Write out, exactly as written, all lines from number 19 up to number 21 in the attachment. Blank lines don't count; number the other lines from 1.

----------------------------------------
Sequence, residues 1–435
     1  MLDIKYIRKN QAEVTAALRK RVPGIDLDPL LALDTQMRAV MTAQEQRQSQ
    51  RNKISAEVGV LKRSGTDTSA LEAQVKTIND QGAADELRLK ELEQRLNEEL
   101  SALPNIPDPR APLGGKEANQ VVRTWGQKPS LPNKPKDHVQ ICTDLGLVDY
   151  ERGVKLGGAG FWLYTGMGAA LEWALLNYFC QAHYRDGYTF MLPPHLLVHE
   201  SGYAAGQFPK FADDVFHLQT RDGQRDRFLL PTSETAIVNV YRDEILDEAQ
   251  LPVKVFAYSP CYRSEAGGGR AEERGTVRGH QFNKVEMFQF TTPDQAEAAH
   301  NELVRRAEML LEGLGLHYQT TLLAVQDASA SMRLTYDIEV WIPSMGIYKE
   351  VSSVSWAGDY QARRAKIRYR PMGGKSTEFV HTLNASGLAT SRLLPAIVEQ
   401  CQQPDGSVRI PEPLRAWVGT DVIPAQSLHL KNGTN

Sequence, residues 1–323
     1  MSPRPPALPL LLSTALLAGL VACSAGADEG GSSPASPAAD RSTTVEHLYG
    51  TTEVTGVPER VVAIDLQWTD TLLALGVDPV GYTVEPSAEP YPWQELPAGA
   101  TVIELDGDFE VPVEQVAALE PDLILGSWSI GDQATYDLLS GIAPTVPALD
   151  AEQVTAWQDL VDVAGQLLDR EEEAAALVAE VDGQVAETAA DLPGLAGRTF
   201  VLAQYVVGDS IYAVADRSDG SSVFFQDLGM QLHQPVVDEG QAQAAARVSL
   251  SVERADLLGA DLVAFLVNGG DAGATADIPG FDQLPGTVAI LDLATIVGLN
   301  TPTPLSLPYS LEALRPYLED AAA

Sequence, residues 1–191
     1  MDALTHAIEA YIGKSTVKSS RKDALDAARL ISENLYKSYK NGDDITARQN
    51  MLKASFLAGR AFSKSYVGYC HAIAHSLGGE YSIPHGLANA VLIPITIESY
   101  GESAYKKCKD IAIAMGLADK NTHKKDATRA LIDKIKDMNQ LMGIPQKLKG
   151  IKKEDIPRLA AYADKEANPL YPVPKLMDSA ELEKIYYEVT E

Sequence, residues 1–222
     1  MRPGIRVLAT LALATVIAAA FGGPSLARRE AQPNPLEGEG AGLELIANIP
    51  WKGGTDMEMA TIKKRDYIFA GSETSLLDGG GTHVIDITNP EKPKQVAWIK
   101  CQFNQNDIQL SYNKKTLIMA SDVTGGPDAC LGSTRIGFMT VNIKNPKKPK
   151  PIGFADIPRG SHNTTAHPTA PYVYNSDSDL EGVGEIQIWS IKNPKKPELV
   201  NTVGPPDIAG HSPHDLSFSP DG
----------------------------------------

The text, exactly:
Sequence, residues 1–191
     1  MDALTHAIEA YIGKSTVKSS RKDALDAARL ISENLYKSYK NGDDITARQN
    51  MLKASFLAGR AFSKSYVGYC HAIAHSLGGE YSIPHGLANA VLIPITIESY